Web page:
For some rogue staffers, lifting office supplies or seeking reimbursement on a few minor “non-business related” charges is mere child’s play, according to an article in CFO Daily News.
Examples given of in-house theft and employee fraud include getting reimbursed for false expenses, security expert finding and exploiting hole in company’s internal controls, company property going missing, stealing coins over a long period of time, employee issuing himself refunds for purchases made by customers, bookkeeper writing and cashing herself checks without any oversight.
Read the full article to see how employees did it.
There is also a link to an article on how to safeguard your business against dishonest employees:
- Double-check finances. Even if you have a trusted bookkeeper, it doesn’t hurt to take another look yourself. From bank statements to signed checks, making sure nothing is amiss can help save a lot of anguish down the road.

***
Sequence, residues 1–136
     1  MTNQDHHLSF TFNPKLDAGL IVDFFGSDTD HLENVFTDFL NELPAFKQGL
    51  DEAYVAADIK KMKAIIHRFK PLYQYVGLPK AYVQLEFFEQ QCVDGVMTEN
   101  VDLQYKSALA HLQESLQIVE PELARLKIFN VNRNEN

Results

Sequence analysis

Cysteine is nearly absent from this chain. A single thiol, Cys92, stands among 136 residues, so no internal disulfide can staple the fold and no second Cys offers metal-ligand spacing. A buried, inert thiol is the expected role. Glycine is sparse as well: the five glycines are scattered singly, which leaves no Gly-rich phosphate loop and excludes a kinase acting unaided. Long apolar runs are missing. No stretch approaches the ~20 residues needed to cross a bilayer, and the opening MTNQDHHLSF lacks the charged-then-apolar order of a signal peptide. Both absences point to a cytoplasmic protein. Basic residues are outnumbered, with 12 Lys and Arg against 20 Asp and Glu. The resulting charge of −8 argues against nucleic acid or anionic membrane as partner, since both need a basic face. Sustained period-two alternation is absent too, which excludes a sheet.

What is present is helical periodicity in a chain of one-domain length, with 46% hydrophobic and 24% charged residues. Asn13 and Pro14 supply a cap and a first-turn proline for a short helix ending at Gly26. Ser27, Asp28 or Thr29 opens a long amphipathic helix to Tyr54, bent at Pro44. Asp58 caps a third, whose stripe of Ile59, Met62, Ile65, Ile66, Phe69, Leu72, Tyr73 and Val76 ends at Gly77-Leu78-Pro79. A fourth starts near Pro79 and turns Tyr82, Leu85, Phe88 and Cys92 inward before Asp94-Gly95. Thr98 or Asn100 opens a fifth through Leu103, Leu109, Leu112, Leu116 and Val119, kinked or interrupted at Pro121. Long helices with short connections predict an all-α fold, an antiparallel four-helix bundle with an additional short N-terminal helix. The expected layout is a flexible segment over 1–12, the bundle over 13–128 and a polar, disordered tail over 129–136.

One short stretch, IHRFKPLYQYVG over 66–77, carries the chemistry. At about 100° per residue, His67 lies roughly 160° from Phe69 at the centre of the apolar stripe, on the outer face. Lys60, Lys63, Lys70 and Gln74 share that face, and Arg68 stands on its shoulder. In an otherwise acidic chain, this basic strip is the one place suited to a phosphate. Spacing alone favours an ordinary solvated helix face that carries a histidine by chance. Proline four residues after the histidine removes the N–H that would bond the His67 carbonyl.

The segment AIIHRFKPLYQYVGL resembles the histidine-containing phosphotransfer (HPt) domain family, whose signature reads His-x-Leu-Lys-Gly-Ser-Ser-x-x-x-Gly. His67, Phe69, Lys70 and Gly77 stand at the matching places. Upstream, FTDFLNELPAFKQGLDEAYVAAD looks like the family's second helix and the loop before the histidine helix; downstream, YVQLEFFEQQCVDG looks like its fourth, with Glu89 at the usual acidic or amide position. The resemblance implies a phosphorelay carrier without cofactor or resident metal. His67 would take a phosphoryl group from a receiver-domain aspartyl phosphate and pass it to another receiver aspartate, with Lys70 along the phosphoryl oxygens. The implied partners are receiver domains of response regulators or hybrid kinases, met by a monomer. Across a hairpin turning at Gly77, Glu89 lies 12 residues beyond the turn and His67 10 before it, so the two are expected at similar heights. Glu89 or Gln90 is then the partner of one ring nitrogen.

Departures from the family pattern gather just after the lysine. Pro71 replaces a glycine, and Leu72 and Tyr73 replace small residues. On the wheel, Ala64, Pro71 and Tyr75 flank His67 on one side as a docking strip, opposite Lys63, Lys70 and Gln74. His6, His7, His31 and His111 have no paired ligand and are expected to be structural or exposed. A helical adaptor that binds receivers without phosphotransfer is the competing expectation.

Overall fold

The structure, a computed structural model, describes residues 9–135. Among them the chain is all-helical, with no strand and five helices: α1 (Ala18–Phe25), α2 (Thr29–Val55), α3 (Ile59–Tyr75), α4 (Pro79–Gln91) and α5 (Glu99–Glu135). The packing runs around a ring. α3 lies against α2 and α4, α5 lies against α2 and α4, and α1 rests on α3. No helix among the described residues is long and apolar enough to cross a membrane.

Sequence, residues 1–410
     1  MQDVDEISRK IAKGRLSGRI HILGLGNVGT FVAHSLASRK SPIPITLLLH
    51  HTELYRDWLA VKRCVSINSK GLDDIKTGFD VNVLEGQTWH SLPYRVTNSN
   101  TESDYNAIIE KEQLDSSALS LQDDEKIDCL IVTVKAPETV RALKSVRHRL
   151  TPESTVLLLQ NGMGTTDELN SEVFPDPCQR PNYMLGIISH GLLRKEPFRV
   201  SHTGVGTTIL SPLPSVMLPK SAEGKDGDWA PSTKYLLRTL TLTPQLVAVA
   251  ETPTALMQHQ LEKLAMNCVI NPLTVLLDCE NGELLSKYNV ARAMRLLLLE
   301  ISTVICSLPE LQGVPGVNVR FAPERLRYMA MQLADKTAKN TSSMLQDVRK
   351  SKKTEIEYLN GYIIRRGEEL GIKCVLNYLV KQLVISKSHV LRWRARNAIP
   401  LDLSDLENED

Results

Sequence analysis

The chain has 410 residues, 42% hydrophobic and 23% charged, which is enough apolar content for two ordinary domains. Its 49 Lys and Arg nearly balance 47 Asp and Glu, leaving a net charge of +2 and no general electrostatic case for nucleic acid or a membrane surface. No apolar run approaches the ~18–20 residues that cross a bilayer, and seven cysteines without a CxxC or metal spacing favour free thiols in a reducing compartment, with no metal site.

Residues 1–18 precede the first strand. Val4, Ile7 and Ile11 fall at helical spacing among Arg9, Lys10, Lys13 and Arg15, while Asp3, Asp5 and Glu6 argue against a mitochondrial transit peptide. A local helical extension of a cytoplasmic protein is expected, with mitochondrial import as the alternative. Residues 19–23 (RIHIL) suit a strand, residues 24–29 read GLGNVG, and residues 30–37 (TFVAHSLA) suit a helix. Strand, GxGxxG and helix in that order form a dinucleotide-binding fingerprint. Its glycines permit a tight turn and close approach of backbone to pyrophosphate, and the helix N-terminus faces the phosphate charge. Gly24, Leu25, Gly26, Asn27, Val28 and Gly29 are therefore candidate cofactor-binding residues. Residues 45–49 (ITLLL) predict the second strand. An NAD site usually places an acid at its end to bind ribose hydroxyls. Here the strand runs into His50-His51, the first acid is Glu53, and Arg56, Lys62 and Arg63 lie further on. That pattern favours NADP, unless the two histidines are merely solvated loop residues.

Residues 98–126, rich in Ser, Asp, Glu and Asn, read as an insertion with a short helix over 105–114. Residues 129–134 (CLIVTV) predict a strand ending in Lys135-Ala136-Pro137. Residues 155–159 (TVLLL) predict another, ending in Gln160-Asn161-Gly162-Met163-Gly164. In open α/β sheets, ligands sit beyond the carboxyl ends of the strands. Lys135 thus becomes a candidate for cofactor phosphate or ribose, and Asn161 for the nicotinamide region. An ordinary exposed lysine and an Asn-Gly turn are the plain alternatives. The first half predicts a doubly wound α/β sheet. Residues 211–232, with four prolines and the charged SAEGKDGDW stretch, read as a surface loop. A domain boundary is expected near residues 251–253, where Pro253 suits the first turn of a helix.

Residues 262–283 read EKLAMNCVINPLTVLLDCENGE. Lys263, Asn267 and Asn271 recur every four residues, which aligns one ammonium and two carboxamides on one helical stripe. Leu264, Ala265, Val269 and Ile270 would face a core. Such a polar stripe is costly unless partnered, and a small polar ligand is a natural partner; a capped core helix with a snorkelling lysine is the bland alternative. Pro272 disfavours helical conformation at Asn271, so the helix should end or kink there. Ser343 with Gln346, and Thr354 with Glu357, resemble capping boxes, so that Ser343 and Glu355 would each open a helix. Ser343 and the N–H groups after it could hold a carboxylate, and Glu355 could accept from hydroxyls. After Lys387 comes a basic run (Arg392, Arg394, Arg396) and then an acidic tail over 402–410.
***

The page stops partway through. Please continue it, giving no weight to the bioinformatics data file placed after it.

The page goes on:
- Beef-up security. People steal less when they feel as though others are watching. Installing security cameras around cash-heavy areas in the office is a great way to keep employee theft down.
- Random audits. Enlisting an outside accountant to come in and periodically perform surprise audits of your books will decrease the chance fraudulent employees have to cover up their tracks.
- Get staffers involved. Often, employees have a good notion when something is going on in the office but keep silent for fear of retaliation. The more comfortable and safe staffers feel about the reporting process, the more likely they’ll be to help out. One option: Create a system (hot line, e-mail program, etc.) where employees can report suspicious activity anonymously.